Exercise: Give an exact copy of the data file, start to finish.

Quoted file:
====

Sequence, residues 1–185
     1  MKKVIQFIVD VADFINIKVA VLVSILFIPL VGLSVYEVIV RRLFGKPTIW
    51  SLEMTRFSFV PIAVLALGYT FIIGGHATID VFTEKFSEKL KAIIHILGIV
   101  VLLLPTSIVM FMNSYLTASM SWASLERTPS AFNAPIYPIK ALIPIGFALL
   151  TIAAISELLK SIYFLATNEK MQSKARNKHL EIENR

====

Sequence, residues 1–185
     1  MKKVIQFIVD VADFINIKVA VLVSILFIPL VGLSVYEVIV RRLFGKPTIW
    51  SLEMTRFSFV PIAVLALGYT FIIGGHATID VFTEKFSEKL KAIIHILGIV
   101  VLLLPTSIVM FMNSYLTASM SWASLERTPS AFNAPIYPIK ALIPIGFALL
   151  TIAAISELLK SIYFLATNEK MQSKARNKHL EIENR